All articles from Studies and Analyses >>>

The most recent press releases about innovation >>>

Die letzten 5 Focus-News des innovations-reports im Überblick:

Im Focus: A “cosmic snake” reveals the structure of remote galaxies

The formation of stars in distant galaxies is still largely unexplored. For the first time, astron-omers at the University of Geneva have now been able to closely observe a star system six billion light-years away. In doing so, they are confirming earlier simulations made by the University of Zurich. One special effect is made possible by the multiple reflections of images that run through the cosmos like a snake.

Today, astronomers have a pretty accurate idea of how stars were formed in the recent cosmic past. But do these laws also apply to older galaxies? For around a...

Im Focus: Visual intelligence is not the same as IQ

Just because someone is smart and well-motivated doesn't mean he or she can learn the visual skills needed to excel at tasks like matching fingerprints, interpreting medical X-rays, keeping track of aircraft on radar displays or forensic face matching.

That is the implication of a new study which shows for the first time that there is a broad range of differences in people's visual ability and that these...

Im Focus: Novel Nano-CT device creates high-resolution 3D-X-rays of tiny velvet worm legs

Computer Tomography (CT) is a standard procedure in hospitals, but so far, the technology has not been suitable for imaging extremely small objects. In PNAS, a team from the Technical University of Munich (TUM) describes a Nano-CT device that creates three-dimensional x-ray images at resolutions up to 100 nanometers. The first test application: Together with colleagues from the University of Kassel and Helmholtz-Zentrum Geesthacht the researchers analyzed the locomotory system of a velvet worm.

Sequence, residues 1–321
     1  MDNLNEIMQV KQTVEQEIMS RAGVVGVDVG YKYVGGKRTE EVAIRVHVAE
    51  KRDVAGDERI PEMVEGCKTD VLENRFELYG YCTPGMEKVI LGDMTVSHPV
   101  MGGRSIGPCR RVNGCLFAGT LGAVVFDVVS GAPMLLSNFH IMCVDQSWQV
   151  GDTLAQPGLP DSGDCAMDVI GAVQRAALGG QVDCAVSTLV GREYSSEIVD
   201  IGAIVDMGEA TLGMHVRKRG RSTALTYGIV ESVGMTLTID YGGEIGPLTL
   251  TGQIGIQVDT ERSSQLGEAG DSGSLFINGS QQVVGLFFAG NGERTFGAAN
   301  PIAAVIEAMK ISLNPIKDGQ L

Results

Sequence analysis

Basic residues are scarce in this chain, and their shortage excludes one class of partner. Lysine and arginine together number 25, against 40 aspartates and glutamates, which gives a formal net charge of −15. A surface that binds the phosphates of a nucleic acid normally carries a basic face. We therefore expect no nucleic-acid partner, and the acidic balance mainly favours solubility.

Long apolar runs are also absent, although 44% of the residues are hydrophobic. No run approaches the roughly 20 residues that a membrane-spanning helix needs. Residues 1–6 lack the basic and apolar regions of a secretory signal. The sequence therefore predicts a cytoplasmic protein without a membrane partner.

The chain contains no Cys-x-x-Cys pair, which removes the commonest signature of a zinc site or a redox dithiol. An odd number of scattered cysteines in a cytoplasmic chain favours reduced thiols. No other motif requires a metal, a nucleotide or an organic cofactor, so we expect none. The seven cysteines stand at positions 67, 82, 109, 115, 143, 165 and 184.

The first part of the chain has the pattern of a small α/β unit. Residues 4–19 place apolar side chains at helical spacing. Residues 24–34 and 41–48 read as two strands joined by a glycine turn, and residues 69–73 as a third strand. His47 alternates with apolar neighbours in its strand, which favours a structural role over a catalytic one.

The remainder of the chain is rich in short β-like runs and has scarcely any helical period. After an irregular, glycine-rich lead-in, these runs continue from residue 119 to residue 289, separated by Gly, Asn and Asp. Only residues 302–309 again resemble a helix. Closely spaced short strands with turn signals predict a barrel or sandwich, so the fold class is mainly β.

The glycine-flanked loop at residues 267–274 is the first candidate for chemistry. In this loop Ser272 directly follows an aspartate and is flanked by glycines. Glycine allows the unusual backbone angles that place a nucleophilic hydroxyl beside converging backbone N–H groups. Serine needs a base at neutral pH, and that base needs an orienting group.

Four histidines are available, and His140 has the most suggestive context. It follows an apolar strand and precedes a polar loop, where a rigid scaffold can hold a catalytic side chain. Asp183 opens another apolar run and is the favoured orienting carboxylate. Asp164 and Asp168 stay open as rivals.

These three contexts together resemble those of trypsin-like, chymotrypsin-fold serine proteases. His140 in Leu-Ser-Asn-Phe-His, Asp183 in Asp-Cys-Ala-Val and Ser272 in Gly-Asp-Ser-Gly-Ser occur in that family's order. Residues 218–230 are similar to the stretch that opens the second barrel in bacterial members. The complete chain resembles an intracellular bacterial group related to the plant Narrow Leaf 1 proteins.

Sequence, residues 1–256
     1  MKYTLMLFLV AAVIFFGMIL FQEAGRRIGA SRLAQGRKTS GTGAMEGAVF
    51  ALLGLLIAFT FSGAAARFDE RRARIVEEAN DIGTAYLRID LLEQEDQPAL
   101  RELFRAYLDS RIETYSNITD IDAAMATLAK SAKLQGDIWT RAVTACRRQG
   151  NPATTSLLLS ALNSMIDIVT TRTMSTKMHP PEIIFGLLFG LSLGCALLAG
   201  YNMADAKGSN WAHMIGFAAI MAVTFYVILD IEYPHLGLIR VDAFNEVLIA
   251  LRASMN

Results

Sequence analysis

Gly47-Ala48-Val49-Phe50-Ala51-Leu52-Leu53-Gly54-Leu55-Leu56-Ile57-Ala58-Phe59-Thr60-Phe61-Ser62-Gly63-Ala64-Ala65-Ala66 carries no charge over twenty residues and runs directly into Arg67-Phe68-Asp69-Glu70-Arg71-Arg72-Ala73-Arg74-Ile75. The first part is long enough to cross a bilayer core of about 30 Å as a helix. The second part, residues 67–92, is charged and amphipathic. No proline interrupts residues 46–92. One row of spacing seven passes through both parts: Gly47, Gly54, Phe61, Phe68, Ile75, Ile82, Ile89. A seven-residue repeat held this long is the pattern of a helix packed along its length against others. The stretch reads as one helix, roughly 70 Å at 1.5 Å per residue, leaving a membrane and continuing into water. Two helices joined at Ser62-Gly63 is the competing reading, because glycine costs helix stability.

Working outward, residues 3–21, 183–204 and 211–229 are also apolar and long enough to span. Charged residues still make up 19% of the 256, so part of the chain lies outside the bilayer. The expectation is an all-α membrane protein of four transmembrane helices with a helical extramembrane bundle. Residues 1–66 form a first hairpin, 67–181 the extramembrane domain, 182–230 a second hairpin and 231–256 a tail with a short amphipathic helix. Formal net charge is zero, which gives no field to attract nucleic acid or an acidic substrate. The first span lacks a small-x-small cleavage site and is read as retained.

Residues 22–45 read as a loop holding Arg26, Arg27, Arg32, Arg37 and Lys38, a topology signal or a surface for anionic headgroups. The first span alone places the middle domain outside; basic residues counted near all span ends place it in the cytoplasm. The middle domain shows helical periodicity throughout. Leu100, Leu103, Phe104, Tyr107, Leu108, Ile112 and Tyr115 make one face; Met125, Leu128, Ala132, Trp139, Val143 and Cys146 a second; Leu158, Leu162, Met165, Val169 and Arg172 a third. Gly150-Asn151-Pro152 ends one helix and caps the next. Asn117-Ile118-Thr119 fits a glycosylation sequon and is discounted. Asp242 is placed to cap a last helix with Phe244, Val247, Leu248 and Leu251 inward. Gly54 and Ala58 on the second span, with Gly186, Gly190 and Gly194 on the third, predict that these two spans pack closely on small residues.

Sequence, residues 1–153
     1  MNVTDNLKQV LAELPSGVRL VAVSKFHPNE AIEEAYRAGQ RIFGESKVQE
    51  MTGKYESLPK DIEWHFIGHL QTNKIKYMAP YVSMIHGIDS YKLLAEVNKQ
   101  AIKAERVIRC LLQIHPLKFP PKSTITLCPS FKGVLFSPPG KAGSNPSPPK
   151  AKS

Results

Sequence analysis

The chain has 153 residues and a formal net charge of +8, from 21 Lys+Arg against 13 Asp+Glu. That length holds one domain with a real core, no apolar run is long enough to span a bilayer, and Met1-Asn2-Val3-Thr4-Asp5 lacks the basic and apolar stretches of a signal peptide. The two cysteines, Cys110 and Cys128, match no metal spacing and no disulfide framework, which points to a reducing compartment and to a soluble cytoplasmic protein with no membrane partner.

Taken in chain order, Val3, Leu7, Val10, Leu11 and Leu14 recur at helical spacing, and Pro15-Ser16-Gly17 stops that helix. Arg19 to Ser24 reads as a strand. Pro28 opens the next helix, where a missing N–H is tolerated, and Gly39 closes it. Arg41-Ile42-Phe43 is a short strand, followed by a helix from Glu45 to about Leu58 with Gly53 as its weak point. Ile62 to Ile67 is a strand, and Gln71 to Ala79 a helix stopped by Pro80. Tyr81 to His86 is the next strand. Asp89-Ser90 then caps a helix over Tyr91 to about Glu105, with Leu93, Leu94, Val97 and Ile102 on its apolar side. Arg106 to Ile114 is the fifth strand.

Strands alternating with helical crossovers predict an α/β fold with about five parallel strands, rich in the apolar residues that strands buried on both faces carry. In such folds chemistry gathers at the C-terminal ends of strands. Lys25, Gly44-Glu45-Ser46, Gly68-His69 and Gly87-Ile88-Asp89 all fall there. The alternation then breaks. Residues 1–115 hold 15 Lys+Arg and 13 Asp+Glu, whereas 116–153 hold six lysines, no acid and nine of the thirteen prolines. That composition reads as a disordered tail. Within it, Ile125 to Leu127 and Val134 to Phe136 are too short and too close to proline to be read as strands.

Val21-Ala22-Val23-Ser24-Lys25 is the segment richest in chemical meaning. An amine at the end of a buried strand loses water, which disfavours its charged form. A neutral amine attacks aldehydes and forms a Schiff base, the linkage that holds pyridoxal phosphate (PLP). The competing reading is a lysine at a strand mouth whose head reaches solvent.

During a CT analysis, the object under investigation is x-rayed and a detector measures the respective amount of radiation absorbed from various angles....

Im Focus: Researchers Develop Data Bus for Quantum Computer

The quantum world is fragile; error correction codes are needed to protect the information stored in a quantum object from the deteriorating effects of noise. Quantum physicists in Innsbruck have developed a protocol to pass quantum information between differently encoded building blocks of a future quantum computer, such as processors and memories. Scientists may use this protocol in the future to build a data bus for quantum computers. The researchers have published their work in the journal Nature Communications.

Future quantum computers will be able to solve problems where conventional computers fail today. We are still far away from any large-scale implementation,...

Im Focus: Wrinkles give heat a jolt in pillared graphene

Rice University researchers test 3-D carbon nanostructures' thermal transport abilities

Pillared graphene would transfer heat better if the theoretical material had a few asymmetric junctions that caused wrinkles, according to Rice University...

All Focus news of the innovation-report >>>

Anzeige

Anzeige

Event News

Ecology Across Borders: International conference brings together 1,500 ecologists

15.11.2017 | Event News

Road into laboratory: Users discuss biaxial fatigue-testing for car and truck wheel

15.11.2017 | Event News

#Berlin5GWeek: The right network for Industry 4.0

30.10.2017 | Event News

 
Latest News

NASA detects solar flare pulses at Sun and Earth

17.11.2017 | Physics and Astronomy

NIST scientists discover how to switch liver cancer cell growth from 2-D to 3-D structures

17.11.2017 | Health and Medicine

The importance of biodiversity in forests could increase due to climate change

17.11.2017 | Studies and Analyses

VideoLinks
B2B-VideoLinks
More VideoLinks >>>